|Prefix, infix and function-call and their implications in embedded lan firstname.lastname@example.org (Peng Yu) (2010-01-20)|
|Re: Prefix, infix and function-call and their implications in embedded email@example.com (glen herrmannsfeldt) (2010-01-21)|
|Re: Prefix, infix and function-call and their implications in embedded firstname.lastname@example.org (Philip Herron) (2010-01-21)|
|Re: Prefix, infix and function-call and their implications in embedded email@example.com (Kaz Kylheku) (2010-01-21)|
|Re: Prefix, infix and function-call and their implications in embedded firstname.lastname@example.org (bartc) (2010-01-21)|
|Re: Prefix, infix and function-call and their implications in embedded email@example.com (Stefan Monnier) (2010-01-25)|
|Date:||Thu, 21 Jan 2010 21:13:04 GMT|
|Posted-Date:||21 Jan 2010 20:48:41 EST|
[I'm ending the thread here, since we're drifting into punctuation theology. Feel
free to continue the argument in comp.lang.misc if you're so inclined. -John]
"Kaz Kylheku" <firstname.lastname@example.org> wrote in message
> On 2010-01-21, Peng Yu <email@example.com> wrote:
>> Consider the following three expressions, which are valid C, mit-
>> scheme and Mathematica expressions. There are of course many other
>> expressions that express the same thing in other languages, or in the
>> same language but other different ways.
>> (> (+ 3 (* 2 5)) 7)
>> Apparently, at least to me, the first expression is the most readable.
> Really? What if we replace 2 3 5 7 by a b c d, and then change
OK, so we have b+a*c>d; looks still readable to me.
> the meaning of the operators,
Perhaps one can do that in Scheme too: change the meaning of the operators.
> or give them a precedence you aren't
> accustomed to?
That would be ill-advised, a bit like mixing up the digits so that "3" means
five, "5" means two, and so on. These things are ingrained into most of us.
> What if 3+2*5>7 is actually a Smalltalk expression, such that it just
> means ((3+2)*5)>7?
Eh? What if <any arbitrary program code> is a Smalltalk expression?
>> One possible reason is that we learn this algebraic notation much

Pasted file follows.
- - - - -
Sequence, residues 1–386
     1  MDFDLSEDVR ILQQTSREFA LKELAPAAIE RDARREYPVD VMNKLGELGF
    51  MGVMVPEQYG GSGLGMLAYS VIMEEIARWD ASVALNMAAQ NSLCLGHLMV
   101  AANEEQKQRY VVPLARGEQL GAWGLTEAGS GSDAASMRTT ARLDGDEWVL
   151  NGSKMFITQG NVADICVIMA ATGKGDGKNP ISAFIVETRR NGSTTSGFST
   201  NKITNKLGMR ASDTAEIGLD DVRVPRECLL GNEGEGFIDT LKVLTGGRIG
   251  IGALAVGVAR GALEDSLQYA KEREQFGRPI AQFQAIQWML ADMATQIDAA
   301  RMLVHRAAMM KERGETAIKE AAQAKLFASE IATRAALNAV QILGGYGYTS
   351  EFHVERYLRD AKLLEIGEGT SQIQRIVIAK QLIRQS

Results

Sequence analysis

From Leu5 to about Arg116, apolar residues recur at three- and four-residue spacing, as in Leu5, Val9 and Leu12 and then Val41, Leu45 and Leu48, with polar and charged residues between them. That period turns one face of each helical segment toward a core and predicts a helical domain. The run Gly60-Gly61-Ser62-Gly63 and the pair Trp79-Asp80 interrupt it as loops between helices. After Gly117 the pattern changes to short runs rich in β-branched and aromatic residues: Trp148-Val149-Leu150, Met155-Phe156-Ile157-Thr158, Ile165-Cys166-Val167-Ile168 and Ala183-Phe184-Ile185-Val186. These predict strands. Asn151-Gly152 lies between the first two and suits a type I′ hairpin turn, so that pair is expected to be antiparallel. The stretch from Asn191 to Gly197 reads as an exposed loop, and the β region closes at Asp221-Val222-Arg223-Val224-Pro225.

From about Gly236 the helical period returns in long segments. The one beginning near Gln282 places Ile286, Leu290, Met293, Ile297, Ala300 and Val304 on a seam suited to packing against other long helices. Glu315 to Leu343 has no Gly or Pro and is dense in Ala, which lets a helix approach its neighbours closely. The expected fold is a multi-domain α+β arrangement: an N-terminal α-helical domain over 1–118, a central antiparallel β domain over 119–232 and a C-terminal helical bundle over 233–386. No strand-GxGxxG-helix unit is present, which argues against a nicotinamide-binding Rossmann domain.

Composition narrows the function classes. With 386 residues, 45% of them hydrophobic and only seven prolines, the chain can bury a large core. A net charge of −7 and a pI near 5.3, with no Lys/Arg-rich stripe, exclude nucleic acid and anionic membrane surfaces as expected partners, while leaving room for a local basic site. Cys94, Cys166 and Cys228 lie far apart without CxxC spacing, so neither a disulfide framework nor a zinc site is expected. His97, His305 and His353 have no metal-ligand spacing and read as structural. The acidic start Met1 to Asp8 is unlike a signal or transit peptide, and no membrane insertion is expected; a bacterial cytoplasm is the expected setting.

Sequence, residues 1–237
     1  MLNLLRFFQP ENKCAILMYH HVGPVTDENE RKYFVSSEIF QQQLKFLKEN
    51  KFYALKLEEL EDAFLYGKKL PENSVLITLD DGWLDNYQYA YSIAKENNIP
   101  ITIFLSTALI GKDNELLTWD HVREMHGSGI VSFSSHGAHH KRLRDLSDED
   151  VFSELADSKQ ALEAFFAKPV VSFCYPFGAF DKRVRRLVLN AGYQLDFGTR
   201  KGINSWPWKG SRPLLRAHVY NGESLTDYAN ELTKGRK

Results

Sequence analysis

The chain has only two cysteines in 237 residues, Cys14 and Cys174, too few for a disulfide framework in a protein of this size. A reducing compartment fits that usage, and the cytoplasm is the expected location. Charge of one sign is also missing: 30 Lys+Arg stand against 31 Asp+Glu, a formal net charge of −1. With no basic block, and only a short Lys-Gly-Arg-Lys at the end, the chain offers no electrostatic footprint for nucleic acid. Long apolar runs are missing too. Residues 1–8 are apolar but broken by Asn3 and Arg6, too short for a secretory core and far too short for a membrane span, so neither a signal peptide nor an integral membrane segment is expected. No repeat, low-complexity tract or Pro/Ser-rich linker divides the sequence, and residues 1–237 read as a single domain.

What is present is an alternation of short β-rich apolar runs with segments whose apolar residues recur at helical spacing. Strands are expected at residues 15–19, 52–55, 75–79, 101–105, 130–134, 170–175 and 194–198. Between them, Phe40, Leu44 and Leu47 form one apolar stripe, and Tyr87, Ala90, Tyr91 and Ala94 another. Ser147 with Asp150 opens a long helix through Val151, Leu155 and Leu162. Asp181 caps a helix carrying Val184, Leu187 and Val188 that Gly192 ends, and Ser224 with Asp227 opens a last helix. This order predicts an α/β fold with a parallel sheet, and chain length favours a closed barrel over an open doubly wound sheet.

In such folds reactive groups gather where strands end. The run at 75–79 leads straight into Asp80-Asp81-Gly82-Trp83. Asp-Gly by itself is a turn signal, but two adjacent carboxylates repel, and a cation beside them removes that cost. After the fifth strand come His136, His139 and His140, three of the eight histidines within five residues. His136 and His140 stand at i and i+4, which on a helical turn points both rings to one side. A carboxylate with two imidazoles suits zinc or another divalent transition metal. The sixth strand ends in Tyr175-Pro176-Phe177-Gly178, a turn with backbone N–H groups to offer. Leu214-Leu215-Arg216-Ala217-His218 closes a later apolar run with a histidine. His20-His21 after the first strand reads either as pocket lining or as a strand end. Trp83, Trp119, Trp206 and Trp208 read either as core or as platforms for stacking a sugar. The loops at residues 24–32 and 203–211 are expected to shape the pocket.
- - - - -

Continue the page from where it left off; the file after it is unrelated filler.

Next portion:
>> earlier than the other two, which is in analogy to that we can respond
>> to the native language (say, English) much faster than to a second
>> language (say, French).
> Another possible reason is that the algebraic notation has only a few
> operators, whose precedence you have memorized (and are assuming to
> hold true of the expression above).
> Would it still be readable if the grammar had 500 operators,
> arranged into 200 precedence levels?
If you didn't know them, then no. But the standard operators, the ones using
symbols, are few. No reason not to make use of them. And there is nothing in
C that stops it defining alternate names for the operators and using
> Another reason is that because you have a few operators, you can use
> glyphs for them, which are distinct from numbers and variables.
Yes, that's why it is useful to use the special glyphs; it gives 'shape' to
an expression making it easier to grasp.
> That second Lisp notation is unambigous. So we can replace all of the
> non-punctuation symbols, and still recognize the tree shape as being the
> provided we keep the parentheses in the printed notation as they are:
> (> (+ 3 (* 2 5)) 7)
Parentheses can optionally be used in the C version too.
> If we substitute the non-punctuation symbols of the infix expression, we
> lost; there is no explicit grouping there to retain:
> G0001 G0002 G0003 G0004 G0005 G0006 G0007
> Can you remember that G0002 and G0004 are binary operators,
> and that G0004 has a higher precedence than G0002?
Again, nothing stops anyone putting parentheses here. Scheme (or whatever
the other syntax is) just happens to require them all the time.
(Actually it is this very monotony of Lisp-like syntaxes which make them
difficult to grasp for some (most?) people. It is the variety of syntax and
use of special glyphs that makes other languages easier on the eye.)
> When prefix notations get long, we can easily break them into multiple
> using a few simple guidelines, e.g.:
> (G0001 (G0002 G0003
> (G0004 G0005 G0006))
> This we can easily visualize the structure as a tree printed sideways.
It doesn't do much for me however... (and I think it might be reversed left
> Suppose that small subexpressions found in a 500,000 line program
> are all beautifully micro-readable. Suppose you need to make a
> small change to one of them. What if it turns out that the program
> has 10,000 other expressions similar to that one (but not exactly
> the same), and they /all/ have to be found and changed in an
> analogous way in order for your proposed change to work properly?
In what way is that different to changing 10000 expressions in the Scheme
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